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  • Fragment One: My Father’s Father

    It’s funny to call someone I never knew Grandfather.
    My father’s father sounds better.

    To find his story I piece together what I know and what I wonder. Snippets my father shared—not many, not much, but something. Letters my father wrote home during World War II and someone saved—we found them bundled in his desk after he died. My father’s father’s store ledger we found in my father’s desk. Photographs down deep in that desk.

    I hear my father’s voice, the historian’s voice, whisper about fact about point of view about truth.

    That desk held stories. He never threw anything away. If I had only known. But this is not his story, nor history.

    This is what I know:

    His father (my father’s father’s father), a politician-businessman, was a character out of a Boss Tweed play. His community demanded his removal from office. Something unsavory, the reek of corruption. No one ever told me this story—I found it while checking dates.

    Shocking. But, well... The family back in Ireland had something to do with race horses. Everyone was selling something. Even my upstanding though wrong-side-of-the-tracks father made money by selling selling selling, at his hoity-toity college, charging the rich, drunk fraternity boys a ransom for hotdogs at halftime, and then during the war, as a bookie between battles.

    My father’s father inherited his father’s general mercantile in their small upstate New York mill town and was a shopkeeper until one day, after the Crash of 1929, he handed out all the food and dry goods to his needy neighbors, cleared the shelves and shut the door behind him. After that he worked in the local clothespin factory. Then died while my father, the oldest of five, was away at war.

    This is what I wonder:
    How it would feel to have a father the people of the towns all around wanted thrown out of office? Would you make yourself into the best-loved guy in town?

    How would it feel to be that affable Irish-American of the kind you imagine tending bar, the one holding and swapping the stories of the town? The one who took care of people, asked how their invalid aunts were doing, their wayward children? His store was the center of things; everyone gathered there to gossip and share news, to play checkers and warm themselves by the woodstove, to ask for help. His ledgers don’t show many sales any given day week month year.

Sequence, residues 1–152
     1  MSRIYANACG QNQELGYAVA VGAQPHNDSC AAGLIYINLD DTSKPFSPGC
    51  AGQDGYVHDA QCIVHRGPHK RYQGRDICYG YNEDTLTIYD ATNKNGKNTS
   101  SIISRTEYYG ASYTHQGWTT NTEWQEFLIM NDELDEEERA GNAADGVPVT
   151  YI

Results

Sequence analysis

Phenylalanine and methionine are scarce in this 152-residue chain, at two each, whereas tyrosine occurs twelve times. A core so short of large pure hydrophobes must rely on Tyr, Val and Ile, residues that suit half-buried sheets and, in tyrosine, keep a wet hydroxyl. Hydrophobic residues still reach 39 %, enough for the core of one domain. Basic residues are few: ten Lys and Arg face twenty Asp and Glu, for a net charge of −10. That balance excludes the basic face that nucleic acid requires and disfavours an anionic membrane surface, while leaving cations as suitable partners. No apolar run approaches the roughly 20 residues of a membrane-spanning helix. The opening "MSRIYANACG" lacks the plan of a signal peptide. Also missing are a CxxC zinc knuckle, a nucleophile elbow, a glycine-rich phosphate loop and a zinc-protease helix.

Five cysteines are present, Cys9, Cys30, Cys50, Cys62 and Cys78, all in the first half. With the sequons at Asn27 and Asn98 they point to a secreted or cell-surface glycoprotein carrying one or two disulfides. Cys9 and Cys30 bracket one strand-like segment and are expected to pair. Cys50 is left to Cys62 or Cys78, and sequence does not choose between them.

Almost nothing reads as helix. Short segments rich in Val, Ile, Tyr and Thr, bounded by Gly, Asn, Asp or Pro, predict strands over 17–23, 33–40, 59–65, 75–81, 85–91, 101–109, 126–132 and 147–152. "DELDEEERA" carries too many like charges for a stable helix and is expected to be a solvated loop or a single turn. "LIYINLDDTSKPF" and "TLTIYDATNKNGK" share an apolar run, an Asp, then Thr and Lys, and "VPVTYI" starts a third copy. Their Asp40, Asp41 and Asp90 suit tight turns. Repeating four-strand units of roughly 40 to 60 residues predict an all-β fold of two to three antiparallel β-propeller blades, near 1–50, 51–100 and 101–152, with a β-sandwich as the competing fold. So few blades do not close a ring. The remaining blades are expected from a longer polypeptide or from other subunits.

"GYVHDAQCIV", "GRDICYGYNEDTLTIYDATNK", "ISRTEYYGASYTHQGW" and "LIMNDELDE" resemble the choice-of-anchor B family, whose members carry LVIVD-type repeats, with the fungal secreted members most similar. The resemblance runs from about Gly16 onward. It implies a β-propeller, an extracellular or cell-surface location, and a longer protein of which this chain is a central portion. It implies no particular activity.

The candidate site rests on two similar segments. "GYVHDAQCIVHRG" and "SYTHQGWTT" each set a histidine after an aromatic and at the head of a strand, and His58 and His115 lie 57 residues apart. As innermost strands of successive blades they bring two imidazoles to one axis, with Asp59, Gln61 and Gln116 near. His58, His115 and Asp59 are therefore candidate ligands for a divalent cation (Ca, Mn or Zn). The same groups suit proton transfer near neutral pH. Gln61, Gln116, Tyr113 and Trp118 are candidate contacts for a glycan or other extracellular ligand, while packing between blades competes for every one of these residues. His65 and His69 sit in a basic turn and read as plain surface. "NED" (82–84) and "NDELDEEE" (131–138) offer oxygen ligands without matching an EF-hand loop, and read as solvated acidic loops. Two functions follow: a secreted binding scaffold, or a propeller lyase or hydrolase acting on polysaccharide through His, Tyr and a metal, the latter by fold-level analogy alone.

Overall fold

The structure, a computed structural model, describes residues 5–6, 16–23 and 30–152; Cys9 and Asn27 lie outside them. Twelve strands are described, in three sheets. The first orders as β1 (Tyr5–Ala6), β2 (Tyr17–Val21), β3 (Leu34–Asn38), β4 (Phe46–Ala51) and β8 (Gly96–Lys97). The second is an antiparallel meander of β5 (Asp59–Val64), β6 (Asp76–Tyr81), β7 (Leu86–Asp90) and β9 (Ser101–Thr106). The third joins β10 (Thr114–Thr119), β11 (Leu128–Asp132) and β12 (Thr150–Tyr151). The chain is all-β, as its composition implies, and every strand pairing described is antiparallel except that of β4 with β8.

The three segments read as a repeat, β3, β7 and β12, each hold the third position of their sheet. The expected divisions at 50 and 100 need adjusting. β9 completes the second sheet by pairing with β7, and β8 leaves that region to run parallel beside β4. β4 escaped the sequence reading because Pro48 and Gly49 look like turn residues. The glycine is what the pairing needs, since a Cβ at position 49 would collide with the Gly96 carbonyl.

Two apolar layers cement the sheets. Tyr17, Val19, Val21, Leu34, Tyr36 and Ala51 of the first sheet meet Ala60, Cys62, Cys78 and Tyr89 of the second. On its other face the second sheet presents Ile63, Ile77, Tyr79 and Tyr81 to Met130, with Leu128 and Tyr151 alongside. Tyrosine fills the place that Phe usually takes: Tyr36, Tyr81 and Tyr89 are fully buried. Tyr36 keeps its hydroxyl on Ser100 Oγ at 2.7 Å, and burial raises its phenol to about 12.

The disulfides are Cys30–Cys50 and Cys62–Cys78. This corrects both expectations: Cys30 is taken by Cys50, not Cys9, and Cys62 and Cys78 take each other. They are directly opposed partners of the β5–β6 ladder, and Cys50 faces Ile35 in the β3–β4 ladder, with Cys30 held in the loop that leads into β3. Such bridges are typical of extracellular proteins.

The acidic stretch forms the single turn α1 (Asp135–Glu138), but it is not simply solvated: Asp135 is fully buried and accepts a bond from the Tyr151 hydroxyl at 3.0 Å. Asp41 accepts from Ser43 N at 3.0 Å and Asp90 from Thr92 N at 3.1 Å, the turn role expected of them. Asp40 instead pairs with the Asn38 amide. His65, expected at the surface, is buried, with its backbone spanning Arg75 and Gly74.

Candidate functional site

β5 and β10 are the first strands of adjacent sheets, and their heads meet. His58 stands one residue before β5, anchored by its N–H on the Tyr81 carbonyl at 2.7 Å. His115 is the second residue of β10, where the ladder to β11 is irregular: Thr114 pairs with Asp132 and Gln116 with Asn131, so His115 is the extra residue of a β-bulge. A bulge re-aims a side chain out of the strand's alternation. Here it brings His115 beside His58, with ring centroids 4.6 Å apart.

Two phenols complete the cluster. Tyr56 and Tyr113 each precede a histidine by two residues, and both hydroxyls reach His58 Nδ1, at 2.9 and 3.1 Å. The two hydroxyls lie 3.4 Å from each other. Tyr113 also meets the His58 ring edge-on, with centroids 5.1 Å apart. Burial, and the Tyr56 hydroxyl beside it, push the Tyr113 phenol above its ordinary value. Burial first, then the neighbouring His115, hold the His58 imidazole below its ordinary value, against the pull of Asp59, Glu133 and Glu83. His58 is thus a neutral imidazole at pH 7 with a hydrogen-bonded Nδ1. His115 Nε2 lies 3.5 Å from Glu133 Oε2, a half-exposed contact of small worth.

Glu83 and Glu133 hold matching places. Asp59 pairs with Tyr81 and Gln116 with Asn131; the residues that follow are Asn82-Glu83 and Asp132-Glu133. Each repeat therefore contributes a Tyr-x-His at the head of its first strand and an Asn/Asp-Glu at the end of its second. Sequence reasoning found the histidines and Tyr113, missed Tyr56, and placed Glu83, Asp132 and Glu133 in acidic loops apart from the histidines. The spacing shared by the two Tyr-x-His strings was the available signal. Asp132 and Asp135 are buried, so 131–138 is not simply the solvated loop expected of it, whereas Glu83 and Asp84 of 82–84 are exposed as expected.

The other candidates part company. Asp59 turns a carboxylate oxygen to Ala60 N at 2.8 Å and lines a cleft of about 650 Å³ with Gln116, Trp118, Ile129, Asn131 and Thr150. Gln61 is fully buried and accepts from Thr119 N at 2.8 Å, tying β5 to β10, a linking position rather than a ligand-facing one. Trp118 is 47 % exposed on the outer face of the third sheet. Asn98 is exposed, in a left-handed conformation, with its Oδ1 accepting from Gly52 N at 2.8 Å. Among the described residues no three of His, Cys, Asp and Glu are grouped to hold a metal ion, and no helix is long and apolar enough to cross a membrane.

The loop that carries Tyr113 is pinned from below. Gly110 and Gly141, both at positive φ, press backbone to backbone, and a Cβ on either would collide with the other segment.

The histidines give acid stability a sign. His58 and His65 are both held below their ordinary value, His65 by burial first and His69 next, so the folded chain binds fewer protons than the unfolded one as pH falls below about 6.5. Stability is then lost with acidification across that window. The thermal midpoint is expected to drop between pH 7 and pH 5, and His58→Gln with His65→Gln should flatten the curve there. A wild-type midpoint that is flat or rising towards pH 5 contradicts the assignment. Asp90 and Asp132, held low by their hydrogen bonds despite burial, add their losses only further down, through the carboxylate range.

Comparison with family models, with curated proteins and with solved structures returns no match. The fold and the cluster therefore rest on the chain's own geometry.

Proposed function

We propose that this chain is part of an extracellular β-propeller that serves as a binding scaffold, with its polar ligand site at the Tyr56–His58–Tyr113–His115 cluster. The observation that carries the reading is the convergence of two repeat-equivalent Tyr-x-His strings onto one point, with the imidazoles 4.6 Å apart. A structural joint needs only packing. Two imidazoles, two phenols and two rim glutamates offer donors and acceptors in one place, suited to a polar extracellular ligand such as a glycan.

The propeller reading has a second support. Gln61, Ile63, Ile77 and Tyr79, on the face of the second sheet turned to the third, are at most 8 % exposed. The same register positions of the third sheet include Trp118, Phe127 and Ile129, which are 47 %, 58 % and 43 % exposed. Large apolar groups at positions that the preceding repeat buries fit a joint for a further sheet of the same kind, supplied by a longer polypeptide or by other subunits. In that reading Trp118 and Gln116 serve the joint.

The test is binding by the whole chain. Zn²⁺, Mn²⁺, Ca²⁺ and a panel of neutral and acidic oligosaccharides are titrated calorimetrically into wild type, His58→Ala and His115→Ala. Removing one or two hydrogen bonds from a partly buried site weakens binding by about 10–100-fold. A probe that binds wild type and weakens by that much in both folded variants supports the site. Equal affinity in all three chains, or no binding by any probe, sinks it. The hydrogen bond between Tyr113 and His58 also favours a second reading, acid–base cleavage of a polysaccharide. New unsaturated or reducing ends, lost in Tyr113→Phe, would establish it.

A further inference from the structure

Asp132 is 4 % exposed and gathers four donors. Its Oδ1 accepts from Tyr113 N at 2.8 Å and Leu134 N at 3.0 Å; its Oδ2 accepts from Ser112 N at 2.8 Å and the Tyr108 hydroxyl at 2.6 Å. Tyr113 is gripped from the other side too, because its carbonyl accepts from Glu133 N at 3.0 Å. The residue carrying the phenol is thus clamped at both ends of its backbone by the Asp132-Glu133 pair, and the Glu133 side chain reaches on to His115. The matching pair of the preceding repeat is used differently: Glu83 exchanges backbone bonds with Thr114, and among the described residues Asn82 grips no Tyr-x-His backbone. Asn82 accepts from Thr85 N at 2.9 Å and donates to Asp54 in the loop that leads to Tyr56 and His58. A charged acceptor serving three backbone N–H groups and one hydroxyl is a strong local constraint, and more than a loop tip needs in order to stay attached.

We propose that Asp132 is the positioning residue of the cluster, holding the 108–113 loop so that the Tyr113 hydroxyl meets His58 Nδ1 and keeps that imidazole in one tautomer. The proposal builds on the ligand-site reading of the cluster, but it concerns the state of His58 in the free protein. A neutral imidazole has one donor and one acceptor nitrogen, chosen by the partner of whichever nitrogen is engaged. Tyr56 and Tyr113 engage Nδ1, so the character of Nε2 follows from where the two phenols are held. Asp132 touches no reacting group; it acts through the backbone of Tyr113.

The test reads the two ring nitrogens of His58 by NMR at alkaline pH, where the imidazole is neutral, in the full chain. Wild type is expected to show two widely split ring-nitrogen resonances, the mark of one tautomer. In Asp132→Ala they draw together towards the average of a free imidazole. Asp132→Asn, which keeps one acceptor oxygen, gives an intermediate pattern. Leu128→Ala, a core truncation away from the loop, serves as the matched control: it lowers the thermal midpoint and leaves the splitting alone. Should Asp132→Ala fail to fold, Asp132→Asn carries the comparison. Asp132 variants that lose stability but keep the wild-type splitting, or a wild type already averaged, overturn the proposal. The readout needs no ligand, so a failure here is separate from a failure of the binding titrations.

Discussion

How would it feel to move from the warm chat around the pickle barrel in the middle of that store—your store--to the incessant clamor and monotony of a factory? A clothespin factory? How would it feel to lose your footing? To go to work for The Man. Without a union. Would memories of your own father pin you down?

    What was it like to be the community’s heart and then head home in the evening, shuttering into someone silent and remote? My father’s letters from the war sign off by reaching for his father’s love. And then his father died. Just like that. And there are no more letters.

    This is what I know:
    My father’s father owned the first automobile in that mill town. He was proud of it, peacock proud. Nevertheless he sent my child-father out with his little red wagon, to deliver groceries within the tightly clustered village. My child-father was afraid of things as he made his rounds—a certain dog, and, I think, a certain priest, though he never said that. My child-father was five years old.

    My father’s father’s was the first “mixed marriage” in the family—my grandmother’s family being from the north of Ireland, the Presbyterian North. No one ever spoke of her Protestantism. Not even she, though she never converted to Catholicism.

    This is what I imagine:
    It must have been devastating when his children were quarantined in the house for a full year—my father missing first grade—when his two-year-old and four-year-old daughters contracted polio, one crippled, one scarred. The health authorities placed an X on the front door, and my six-year-old father, untouched by the disease, was not allowed to venture past the yard. For a whole year.

    People must have stayed away, even from the store. Perhaps that was what did it in, did him in.

    This is what I know:

    One of my brothers has a Buddhist heart and sells cars. Used ones. Goes out of his way for his clients. Is caring and trustworthy. Well loved.

    Is close to his family.

    One of my brothers has the gift of the gab and is a political director for a huge union. When he speaks, silver water falls from his mouth. His words touch the heart and move the spirit--for the good. Is caring and trustworthy. Well loved.

    Is close to his family.

    This is what I wonder:
    Is this the arc of an immigrant family history playing out, of evolution writ small in the selling and talking, talking and selling? Father to son to father to son to father to son?

    What stories would my father’s father and his father tell my brothers and my brother’s sons?
    About work and community and family and love? About then? About now?
    What stories would my brothers and my brother's sons tell? And their sons?
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